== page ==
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January 01, 2017

The ABA Is Working to Expand Veterans Treatment Courts and Veterans’ Legal Services

By ABA President Linda Klein

Phyllis, an elderly veteran, was disabled, homeless, and losing hope. She had lost her identification card and all her personal paperwork and, as a result, couldn’t apply for food stamps, housing, and other assistance.

But Phyllis went to Stand Down—a program providing food supplies, clothing, health screenings, and benefits counseling to homeless veterans. Legal Aid of Wyoming attorneys were there, and one helped Phyllis apply for a new Social Security card, a copy of her birth certificate, and a state-issued identification card. Her Legal Aid lawyer helped Phyllis access Medicaid, food stamps, and veterans’ benefits.

Phyllis is one of the lucky ones. The U.S. Department of Housing and Urban Development has estimated that almost 40,000 veterans are homeless. Veterans make up 20 percent of the male homeless population, while the fastest-growing homeless population in America is women veterans. And more than 13 percent of our nation’s heroes live near or below the poverty line.

Often veterans’ troubles are caused by legal problems—evictions, child custody disputes, and wrongful denial of benefits. In fact, a U.S. Department of Veterans Affairs study found that at least half of the top 10 problems leading to homelessness among veterans are legal problems.

To help address this problem, the American Bar Association (ABA) has launched a major initiative to mobilize lawyers to ensure that veterans receive the legal assistance they deserve. The ABA Veterans Legal Services Commission is a multipronged, holistic effort being led by a distinguished 20-member commission headed by Nanette DeRenzi, a retired three-star vice admiral who led the Navy’s Judge Advocate General’s Corps, and Dwight Smith, a Tulsa, Oklahoma, attorney who has held several key leadership roles in the ABA.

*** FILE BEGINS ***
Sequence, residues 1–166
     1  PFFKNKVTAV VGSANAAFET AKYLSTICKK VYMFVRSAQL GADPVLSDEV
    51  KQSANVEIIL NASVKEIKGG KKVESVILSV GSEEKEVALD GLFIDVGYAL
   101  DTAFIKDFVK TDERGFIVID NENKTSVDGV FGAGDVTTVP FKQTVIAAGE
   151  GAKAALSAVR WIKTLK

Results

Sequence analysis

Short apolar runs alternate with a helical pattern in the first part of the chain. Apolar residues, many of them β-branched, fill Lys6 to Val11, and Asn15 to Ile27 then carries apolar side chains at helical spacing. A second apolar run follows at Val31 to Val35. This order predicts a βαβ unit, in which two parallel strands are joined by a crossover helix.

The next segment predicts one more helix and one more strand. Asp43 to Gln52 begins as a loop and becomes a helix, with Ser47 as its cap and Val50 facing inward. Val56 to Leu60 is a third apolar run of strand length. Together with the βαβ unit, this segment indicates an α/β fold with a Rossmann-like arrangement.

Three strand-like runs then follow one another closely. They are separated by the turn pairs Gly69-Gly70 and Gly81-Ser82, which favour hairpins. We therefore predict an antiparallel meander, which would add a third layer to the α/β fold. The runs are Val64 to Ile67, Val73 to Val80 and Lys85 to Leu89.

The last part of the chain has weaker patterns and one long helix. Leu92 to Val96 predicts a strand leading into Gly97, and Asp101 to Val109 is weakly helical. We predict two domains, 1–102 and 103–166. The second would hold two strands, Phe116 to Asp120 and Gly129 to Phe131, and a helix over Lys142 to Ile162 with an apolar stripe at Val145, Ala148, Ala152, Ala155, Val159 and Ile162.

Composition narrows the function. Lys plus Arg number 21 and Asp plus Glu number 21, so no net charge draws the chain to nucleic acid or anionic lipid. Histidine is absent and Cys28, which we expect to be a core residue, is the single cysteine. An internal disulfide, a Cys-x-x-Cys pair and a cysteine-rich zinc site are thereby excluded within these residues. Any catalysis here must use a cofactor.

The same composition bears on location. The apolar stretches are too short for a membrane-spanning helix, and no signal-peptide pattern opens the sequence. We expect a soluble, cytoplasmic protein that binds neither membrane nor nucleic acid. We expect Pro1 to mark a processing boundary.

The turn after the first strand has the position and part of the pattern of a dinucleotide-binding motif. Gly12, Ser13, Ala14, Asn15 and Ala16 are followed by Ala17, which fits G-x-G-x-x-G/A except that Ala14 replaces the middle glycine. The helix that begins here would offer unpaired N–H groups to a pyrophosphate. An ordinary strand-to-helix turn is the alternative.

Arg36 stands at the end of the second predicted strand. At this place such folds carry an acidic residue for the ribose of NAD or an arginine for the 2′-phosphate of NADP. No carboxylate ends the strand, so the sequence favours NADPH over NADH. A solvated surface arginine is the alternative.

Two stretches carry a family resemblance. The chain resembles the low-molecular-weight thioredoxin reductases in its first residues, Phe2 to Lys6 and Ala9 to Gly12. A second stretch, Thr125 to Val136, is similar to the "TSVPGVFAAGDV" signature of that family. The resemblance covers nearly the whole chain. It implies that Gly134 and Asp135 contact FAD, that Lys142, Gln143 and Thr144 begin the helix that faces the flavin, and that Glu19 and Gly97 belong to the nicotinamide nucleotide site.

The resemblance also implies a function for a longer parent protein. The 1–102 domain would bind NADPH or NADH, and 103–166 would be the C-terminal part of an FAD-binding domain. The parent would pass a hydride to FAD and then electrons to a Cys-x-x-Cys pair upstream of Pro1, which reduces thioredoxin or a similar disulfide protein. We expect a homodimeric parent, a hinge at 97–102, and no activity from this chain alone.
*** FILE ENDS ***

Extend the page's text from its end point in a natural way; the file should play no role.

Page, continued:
The commission has ambitious goals, including

  • Employing medical-legal partnerships that pair Veterans Affairs (VA) facilities with lawyers to solve clients’ legal problems.
  • Engaging law schools and bar associations to promote legal-services incubators, and assisting those legal incubator programs, particularly in rural areas, to bring services to veterans while providing valuable training for new and underemployed lawyers.
  • Promoting legal checkups for veterans and their families and caregivers because many do not know the problems they have are legal ones.
  • Addressing the unique needs of female veterans and homeless veterans.
  • Creating a certification of law specialty on veterans’ legal issues.

In addition, an important component of our veterans initiative is promoting veterans treatment courts (VTCs) and exploring expansion of the concept to civil matters, such as debt collection and domestic relations. While the ABA is drawing on its members’ expertise to promote veterans’ legal services, it is also drawing lessons from the innovative efforts to help veterans taking place in courtrooms across the country.

Currently, 306 courtrooms in 37 states offer mandatory rehabilitation and medical treatment for veterans arrested for certain felonies or misdemeanors. They have the support of the American Judges Association, the National District Attorneys Association, and the National Sheriffs’ Association.

And the U.S. Department of Veterans Affairs now mandates that every VA medical center have a veterans’ justice outreach specialist who provides legal assistance to veterans and supports VTCs in their region.